When you head into the great outdoors over the summer period, don’t forget to take precautions against mosquito bites.
North Coast Public Health Unit director Paul Corben said the North Coast’s mosquito population increased during the summer which coincided with when people tended to spend more time outside.
“It puts us at increased risk of being bitten by mosquitoes,” he said.
Mosquitoes in our area can transmit Ross River fever and Barmah Forest virus.
Mr Corben said the area was seeing relatively low numbers of Ross River fever and Barmah Forest virus at the moment with numbers sitting at about half of what was normally experienced.
Ross River fever can cause flu-like symptoms, swollen and stiff joints, a rash and a general feeling of being unwell, while people with Barmah Forest virus can experience fever, chills, headache, muscle pain, swollen and stiff joints, a rash and lethargy.
Most people recover within a few weeks but others can experience symptoms for a longer period and some people report they never quite recover.
“The way to avoid getting these infections is to stop being bitten by mosquitoes,” Mr Corben said.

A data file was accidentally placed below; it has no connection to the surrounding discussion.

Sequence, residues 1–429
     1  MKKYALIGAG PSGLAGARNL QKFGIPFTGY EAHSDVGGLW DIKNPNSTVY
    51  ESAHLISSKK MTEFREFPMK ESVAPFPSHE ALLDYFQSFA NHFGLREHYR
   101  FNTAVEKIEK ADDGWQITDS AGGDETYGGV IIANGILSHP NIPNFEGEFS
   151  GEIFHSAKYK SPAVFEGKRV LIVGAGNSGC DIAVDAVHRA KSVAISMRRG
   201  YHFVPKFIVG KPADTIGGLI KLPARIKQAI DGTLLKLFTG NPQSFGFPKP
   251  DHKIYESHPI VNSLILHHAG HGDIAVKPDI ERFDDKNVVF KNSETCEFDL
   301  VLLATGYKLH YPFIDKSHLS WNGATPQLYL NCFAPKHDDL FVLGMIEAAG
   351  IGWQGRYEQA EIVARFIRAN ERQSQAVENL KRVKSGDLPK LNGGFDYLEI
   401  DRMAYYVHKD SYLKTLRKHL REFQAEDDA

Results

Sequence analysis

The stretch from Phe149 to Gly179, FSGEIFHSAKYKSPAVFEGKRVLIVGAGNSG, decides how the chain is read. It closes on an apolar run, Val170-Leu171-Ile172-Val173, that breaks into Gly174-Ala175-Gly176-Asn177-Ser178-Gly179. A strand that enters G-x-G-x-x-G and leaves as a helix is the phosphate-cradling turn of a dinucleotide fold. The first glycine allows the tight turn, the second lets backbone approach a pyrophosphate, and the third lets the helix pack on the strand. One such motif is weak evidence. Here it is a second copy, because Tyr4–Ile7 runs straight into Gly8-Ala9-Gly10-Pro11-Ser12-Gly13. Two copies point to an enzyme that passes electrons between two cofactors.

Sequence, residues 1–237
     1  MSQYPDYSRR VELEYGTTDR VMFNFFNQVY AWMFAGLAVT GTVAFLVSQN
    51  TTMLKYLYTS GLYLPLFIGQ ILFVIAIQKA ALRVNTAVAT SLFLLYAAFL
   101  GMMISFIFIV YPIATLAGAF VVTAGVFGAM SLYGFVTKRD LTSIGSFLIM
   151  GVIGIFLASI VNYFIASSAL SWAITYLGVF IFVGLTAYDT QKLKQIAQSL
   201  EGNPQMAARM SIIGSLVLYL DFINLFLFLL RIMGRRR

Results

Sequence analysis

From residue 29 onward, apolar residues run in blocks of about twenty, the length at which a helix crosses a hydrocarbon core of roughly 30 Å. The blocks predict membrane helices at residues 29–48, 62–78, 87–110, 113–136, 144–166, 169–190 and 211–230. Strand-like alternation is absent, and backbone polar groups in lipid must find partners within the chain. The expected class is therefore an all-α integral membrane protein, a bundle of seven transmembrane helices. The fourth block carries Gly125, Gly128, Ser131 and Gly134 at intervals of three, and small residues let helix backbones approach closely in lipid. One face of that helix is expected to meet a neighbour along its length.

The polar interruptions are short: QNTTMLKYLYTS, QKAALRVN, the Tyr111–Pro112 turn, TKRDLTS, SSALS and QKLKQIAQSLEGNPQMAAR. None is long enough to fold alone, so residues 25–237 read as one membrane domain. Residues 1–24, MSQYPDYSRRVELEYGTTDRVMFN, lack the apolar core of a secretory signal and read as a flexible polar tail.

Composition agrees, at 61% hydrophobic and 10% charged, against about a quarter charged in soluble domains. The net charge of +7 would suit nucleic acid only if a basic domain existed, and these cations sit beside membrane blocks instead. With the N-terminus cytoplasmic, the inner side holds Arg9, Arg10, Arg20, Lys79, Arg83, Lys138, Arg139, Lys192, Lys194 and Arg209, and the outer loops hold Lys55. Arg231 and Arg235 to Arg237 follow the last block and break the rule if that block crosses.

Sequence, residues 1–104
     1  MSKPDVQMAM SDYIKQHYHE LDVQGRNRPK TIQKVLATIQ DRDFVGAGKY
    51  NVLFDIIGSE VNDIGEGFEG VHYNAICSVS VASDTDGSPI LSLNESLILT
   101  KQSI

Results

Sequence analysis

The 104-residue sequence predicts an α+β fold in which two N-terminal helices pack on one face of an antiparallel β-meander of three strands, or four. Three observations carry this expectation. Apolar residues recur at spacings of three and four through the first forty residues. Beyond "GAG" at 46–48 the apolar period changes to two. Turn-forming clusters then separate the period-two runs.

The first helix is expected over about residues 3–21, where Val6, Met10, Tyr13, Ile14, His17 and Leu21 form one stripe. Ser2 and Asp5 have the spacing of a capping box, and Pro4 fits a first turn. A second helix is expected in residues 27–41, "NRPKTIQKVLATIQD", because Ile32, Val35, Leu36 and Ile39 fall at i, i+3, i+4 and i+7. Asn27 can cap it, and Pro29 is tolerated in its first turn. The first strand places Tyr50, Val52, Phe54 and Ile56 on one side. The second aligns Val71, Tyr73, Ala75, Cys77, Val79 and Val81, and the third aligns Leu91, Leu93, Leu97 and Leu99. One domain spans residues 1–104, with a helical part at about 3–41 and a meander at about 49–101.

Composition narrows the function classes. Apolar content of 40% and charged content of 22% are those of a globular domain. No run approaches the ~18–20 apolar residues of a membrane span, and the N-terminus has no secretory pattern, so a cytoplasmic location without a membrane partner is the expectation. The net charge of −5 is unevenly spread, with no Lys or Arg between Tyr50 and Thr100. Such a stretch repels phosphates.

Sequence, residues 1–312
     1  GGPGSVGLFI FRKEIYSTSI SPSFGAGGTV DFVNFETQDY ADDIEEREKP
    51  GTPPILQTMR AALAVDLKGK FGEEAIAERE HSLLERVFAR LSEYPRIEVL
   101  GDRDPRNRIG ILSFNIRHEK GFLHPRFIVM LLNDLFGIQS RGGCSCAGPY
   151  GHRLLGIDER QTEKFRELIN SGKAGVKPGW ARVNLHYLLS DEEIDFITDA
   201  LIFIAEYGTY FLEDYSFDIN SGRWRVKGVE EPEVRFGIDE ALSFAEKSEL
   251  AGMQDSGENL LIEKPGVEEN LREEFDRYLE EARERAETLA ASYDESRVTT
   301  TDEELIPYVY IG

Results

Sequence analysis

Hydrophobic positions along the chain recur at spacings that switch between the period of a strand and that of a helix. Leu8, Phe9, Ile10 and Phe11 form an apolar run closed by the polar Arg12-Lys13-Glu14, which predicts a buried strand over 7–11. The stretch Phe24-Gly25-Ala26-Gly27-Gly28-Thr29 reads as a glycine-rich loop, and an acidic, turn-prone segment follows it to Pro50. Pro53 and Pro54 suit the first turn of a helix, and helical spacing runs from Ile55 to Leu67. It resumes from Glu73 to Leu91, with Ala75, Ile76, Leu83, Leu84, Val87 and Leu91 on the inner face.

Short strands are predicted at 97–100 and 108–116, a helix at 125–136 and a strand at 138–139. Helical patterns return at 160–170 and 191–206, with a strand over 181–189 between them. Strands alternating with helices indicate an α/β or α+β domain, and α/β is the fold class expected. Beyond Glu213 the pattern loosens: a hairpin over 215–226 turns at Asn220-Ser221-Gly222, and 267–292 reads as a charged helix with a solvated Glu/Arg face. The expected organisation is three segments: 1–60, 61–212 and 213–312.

He encourages people to take a few simple steps such as covering up when outside, particularly at dawn and dusk, using insect repellent and ensuring home flyscreens are in good repair.
Mosquitoes need water to breed and some mosquitoes can breed in very small amounts of water.
People are advised to reduce the risk of mosquitoes breeding in around the home by cleaning up their backyard and removing all water-holding rubbish, flushing and wiping out bird baths and water features once a week and filling pot plant bases with sand to avoid standing water.
Other measures include keeping bins covered, ensuring drains and roof guttering are clear and covering or securely screening the openings of septic tanks and rainwater tanks.
Meanwhile, people travelling overseas to areas with a high-risk of serious mosquito-borne diseases should take extra precautions.